THE falcon is a bird of prey, and in olden times it was taught to help the hunters in catching their game. This was before guns and gunpowder were invented. The people of England and other countries of Europe used to think that hunting was the best sport they could have, and the rich men, nobles, and even kings, kept great numbers of dogs and falcons to help them. These birds were very carefully trained, and almost any fine morning you might have seen a company of hunters galloping away on their fine horses, with their dogs at their side, and their falcons sitting proudly on their wrists. And there the falcon would stay, never flying off, until at a word from his master he would dart away after a bird which they wished to take. 

This strange hunter was of course trained to bring the game, which he caught to his master, instead of making a meal of it himself. A ring with the owner's name on it, was usually tied to one of the falcon's legs, and to this was fastened a string of tiny bells, so that if he was lost in the hunt, the master might easily find him.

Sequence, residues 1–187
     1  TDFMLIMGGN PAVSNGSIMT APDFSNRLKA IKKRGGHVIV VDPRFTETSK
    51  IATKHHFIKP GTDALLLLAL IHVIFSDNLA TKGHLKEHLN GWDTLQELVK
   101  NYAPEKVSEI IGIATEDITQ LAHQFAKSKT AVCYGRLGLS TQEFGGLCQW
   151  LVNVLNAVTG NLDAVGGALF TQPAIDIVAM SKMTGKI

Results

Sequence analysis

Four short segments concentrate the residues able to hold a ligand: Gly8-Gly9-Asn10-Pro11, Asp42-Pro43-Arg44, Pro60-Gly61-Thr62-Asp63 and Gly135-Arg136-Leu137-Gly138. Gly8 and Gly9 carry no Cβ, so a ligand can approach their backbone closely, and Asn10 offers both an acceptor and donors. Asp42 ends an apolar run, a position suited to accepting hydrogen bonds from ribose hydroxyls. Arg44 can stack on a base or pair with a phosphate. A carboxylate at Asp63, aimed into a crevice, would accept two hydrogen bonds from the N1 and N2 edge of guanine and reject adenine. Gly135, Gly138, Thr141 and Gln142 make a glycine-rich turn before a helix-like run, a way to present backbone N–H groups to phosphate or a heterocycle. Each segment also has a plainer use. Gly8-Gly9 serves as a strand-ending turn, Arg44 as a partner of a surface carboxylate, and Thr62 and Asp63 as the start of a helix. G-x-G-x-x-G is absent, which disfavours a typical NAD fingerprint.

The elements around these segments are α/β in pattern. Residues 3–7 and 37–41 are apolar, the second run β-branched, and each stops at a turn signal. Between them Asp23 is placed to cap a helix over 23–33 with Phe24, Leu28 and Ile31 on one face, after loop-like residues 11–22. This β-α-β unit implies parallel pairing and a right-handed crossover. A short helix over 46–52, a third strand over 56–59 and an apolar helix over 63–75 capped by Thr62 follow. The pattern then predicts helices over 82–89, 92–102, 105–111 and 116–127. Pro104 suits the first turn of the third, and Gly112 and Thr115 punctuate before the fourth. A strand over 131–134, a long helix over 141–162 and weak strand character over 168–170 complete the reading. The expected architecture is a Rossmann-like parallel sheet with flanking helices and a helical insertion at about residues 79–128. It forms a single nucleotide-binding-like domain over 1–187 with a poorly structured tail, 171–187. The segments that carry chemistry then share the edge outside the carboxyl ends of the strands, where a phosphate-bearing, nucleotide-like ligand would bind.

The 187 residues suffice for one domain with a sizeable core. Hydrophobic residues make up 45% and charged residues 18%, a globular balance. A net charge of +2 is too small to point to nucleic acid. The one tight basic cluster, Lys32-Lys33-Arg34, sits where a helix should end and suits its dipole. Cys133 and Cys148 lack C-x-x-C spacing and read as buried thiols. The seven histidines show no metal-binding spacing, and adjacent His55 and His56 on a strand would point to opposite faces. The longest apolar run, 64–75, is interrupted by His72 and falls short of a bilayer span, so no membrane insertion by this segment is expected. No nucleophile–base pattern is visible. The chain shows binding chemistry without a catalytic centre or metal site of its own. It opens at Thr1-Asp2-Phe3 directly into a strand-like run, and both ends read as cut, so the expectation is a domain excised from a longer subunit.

The falcon is a very strong and courageous bird, and also a very intelligent one. He can be taught many curious tricks, and soon learns to obey a word and even a sign from his master. There are several kinds of these birds, some of which are found in almost every part of the world,, even in the cold regions of the north. The largest kind is about the size of the eagle, while some are not more than sixteen inches long. Their feathers are usually brown and white, though they are flecked and spotted in many different ways. Some are all of brown, with a few white spots; others are almost pure white, with perhaps a few flecks of brown. 

The falcon in its wild state, usually builds its nest along the rocky shore of some bay. It is very shy, and its nest is not easily found; but Mr. Audubon, the great American naturalist, speaks of finding one on a rocky cleft by the sea. The nest itself was about two feet across, flat, and made of sticks, sea-weed, and mosses. The eggs, he says, were dull white, spotted with brown, looking very much like some of the birds themselves. 

E. B.